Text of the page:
Harrison and Perrella draw in LA

Former WBC super-welterweight champion Tony Harrison and Florida southpaw Bryant Perrella batted to a split draw at the Shrine Auditorium and Expo Hall in Los Angeles on Saturday night.

Scores were 116-112 (Harrison), 117-111 (Perrella) and 114-114 (even) in a largely tactical 12-rounder.

Harrison’s best work came behind a smooth jab whereas Perrella posed problems with a sharp right hook and finished the fight in the ascendancy under the guidance of new trainer Roy Jones after moving up from 147lbs. Harrison’s more accurate shots were countered by Perrella’s higher workrate.

“I felt strong and my stamina was good all fight,” said Perrella (17-3-1, 14 KOs), who was marked up under the left eye from the second round. “I had to be smart in there with a guy like Tony Harrison. He has a real good jab and a good reach and he can pop as well. I knew I couldn’t do anything stupid. He’s got so much experience and it was my first fight at 154 pounds. It was great to mix it up with one of the big dogs in the division.”

Harrison (28-3-1, 21 KOs) was back in a boxing ring for the first time since his father and trainer Ali Salaam passed away a year ago. With his brother LJ in his corner, Harrison illustrated his noted boxing skills but was faced with a much-improved Perrella.

“It was good to be back in there and having fun,” said Harrison (28-3-1, 21 KOs). “He was craftier than I thought he’d be. A lot of shots he threw didn’t have much on them, and I probably got caught pulling back a couple times. Overall, after 16 months I thought I did okay. I was in there with a clear head and I was staying on my feet between rounds, so I know my body is still in great shape.

“The judges do their job, I’m not disappointed in their decision. I just have to ask myself what I needed to do more of and what I could have done better at. I’ll know more about how I did after I look at it again. I probably could have let my hands go a little more. I gave him a couple of momentum rounds where he felt like he was doing better than he really was.”

Perrella added: “I thought I did enough to win. In the first half of the fight I had him rocked and had him hurt several times. He’s real crafty and he’s a veteran. I’m just getting my feet wet at 154, but it was good to get this first fight with Roy out of the way. It’s going to get even better next time out.”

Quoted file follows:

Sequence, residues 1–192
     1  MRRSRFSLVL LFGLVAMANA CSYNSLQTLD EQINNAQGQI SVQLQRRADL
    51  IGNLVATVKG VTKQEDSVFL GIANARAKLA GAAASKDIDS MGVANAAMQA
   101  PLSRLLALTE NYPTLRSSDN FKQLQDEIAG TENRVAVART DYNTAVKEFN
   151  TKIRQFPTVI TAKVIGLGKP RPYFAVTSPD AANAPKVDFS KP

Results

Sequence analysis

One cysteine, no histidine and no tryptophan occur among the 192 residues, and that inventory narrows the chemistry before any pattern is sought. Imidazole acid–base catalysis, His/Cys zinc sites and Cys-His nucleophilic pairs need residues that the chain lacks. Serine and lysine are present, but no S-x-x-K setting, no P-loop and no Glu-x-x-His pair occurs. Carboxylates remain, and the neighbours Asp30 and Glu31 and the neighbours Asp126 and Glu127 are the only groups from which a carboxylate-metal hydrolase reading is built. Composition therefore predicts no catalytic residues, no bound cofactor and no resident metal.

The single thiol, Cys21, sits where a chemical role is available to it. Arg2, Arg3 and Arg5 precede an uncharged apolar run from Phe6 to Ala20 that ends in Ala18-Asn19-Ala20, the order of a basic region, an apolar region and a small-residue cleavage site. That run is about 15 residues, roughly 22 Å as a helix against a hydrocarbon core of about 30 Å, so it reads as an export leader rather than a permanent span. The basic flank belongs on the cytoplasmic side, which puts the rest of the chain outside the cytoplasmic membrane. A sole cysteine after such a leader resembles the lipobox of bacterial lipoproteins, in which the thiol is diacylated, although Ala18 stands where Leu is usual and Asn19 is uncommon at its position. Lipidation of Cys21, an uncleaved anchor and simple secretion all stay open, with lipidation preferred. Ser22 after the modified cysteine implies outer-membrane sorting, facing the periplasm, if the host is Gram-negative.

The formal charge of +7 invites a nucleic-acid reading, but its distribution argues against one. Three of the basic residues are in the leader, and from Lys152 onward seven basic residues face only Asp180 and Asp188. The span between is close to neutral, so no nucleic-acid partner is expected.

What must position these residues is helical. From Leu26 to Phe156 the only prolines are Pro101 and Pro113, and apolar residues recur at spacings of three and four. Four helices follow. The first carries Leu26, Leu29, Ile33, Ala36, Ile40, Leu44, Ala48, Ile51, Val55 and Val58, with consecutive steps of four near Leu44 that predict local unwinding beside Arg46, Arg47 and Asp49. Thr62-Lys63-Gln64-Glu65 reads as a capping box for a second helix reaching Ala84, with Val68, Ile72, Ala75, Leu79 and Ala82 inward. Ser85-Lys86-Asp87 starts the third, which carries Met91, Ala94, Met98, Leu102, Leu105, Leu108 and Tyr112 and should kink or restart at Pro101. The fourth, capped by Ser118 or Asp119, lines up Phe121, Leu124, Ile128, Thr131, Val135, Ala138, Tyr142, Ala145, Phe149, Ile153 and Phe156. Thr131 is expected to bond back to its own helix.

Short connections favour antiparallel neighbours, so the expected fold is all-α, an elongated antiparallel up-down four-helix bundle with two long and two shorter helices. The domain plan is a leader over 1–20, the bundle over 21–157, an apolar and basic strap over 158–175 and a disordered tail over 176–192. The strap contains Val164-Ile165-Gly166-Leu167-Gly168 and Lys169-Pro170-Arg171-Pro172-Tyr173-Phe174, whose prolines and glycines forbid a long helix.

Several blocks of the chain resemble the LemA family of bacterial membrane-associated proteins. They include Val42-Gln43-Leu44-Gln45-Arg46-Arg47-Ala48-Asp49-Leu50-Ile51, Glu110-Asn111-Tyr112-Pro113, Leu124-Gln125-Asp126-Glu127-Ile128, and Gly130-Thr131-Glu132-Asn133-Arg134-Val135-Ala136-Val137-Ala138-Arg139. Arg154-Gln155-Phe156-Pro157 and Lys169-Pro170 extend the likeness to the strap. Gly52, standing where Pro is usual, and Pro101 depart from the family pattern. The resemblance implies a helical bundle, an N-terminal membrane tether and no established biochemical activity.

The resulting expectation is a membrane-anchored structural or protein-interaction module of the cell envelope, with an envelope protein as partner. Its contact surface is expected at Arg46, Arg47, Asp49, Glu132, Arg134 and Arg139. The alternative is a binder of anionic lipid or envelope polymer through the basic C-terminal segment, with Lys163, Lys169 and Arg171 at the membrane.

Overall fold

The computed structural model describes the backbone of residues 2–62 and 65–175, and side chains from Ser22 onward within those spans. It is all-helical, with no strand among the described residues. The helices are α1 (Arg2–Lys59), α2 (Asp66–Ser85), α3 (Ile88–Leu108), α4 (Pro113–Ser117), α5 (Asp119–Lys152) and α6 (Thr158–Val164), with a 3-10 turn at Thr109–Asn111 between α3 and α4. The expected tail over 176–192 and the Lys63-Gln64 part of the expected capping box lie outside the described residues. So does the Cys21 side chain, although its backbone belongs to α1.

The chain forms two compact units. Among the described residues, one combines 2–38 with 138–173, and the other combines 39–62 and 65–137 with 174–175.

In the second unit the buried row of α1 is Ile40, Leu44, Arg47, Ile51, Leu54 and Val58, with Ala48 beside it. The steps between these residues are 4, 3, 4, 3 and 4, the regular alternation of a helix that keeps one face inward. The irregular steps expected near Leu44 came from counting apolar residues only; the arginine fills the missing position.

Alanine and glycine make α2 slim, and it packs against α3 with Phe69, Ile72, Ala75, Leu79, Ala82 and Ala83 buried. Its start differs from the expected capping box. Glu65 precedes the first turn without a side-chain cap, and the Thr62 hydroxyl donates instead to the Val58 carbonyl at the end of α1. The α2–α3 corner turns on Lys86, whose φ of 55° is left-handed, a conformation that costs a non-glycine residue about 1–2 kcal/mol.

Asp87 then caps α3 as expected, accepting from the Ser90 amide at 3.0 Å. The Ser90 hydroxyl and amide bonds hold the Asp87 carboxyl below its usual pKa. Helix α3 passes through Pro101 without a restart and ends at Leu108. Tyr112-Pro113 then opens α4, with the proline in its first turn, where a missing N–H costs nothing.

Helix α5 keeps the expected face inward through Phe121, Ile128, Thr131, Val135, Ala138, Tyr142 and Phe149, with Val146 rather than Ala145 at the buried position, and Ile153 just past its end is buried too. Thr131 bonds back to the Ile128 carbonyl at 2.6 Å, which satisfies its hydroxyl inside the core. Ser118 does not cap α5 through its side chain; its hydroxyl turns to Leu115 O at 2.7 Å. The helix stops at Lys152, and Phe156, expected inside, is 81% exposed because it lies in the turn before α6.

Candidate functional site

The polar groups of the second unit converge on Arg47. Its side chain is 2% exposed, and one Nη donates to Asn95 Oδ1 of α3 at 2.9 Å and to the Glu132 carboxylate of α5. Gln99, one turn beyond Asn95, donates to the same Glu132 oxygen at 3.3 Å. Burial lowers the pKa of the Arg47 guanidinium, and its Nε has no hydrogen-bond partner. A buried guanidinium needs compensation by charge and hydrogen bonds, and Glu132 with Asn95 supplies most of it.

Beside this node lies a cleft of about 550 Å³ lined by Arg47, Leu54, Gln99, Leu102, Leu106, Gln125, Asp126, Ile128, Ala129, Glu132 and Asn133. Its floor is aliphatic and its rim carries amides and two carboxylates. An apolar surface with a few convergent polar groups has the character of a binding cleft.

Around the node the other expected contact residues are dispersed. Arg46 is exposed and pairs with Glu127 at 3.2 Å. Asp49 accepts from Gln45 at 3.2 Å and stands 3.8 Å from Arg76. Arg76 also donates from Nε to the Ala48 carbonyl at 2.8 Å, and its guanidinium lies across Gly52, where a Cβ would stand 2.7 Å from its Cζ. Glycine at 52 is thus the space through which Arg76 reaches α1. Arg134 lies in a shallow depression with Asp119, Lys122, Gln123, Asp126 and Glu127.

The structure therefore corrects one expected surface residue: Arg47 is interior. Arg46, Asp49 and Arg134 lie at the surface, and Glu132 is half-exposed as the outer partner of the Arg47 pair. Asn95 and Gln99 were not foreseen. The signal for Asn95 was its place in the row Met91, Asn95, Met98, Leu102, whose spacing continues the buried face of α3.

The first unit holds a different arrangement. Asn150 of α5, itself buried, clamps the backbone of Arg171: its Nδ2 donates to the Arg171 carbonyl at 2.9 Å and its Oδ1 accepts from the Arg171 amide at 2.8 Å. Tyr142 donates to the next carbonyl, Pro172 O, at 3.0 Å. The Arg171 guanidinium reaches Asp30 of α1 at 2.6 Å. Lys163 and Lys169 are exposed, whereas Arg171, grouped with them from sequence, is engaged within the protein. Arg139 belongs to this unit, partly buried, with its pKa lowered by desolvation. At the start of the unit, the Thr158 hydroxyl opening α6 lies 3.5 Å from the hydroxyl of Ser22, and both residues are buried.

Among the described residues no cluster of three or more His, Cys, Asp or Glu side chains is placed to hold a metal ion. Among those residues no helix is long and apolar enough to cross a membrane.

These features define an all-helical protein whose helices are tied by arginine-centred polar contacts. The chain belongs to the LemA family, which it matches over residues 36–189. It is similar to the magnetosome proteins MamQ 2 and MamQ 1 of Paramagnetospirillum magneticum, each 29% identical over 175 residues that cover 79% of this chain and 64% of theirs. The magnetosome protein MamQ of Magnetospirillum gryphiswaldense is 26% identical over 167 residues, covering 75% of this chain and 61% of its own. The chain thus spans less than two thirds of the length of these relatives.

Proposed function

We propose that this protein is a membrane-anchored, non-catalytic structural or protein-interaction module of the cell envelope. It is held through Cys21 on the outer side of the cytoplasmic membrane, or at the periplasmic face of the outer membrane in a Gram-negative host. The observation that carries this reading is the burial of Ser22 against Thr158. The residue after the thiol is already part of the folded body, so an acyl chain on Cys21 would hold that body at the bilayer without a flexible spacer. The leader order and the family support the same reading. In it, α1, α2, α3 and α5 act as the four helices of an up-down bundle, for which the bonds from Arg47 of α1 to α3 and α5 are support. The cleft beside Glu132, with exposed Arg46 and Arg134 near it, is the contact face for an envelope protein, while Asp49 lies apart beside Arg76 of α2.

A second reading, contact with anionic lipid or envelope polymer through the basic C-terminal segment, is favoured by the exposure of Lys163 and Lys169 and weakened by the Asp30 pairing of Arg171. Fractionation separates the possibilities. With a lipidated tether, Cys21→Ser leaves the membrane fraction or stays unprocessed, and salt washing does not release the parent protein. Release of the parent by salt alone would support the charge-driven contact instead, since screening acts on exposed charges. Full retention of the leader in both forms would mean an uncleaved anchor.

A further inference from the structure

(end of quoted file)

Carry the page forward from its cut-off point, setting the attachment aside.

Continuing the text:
Meanwhile, cruiserweight puncher Efetobor Apochi (11-0, 11 KOs) registered a third-round stoppage of previously unbeaten Deon Nicholson (14-1, 13 KOs) in their WBA cruiserweight title eliminator.

Trained by Ronnie Shields, ‘Nigerian Pit Bull’ Apochi hurt Alabama’s Nicholson with an uppercut in the second before flooring him with a combination later in the session. Nicholson hadn’t recovered in the following round and was decked again, ending the fight.

“After the first round I said to Ronnie Shields that he’s going to quit,” said Apochi. “Ronnie said, ‘Make him quit’. I saw it in his eyes. When I punched him, I saw his eyes going in and out. He’s a tough guy, but toughness will get you hurt.

“Ronnie says that if I listen to him, I’ll become champion. When a master of the sport like Ronnie Shields is telling you that you have something special, you have to accept it and take it and use it. I’m here for the title. Bring it on. I want the strap.”

In the co-main event, rising super-lightweight Omar Juárez (11-0, 5 KOs) dominated an entertaining encounter to win a unanimous 10-round decision over Argentina’s Elias Araujo (21-3, 8 KOs). Scores were99-91 (twice) and98-92.

“I feel like I could have gone 10 more rounds,” said Juarez. “I’m going to take a week off then get right back to the gym. I’m going to train with my good friend Mario Barrios for the next month and a half.”

Earlier, Philadelphia welterweight James Martin (7-2, 0 KOs) scored a shock eight-round majority decision victory over previously unbeaten prospect Vito Mielnicki Jr. (8-1, 5 KOs). Scores were 79-73, 77-75 and 76-76.

“I worked hard for this fight,” said Martin. “I was working all camp on pressuring, going forward and throwing a lot of punches. At first, I thought he would be taller than me, but I felt like we were the same height in there. So I just stayed on my boxing. I watched tape on him so I wasn’t surprised by anything he brought to the ring. I made sure I kept popping the jab, working hard and adding points rounds by round.”

Main image: Sean Michael Nam/TGB Promotions.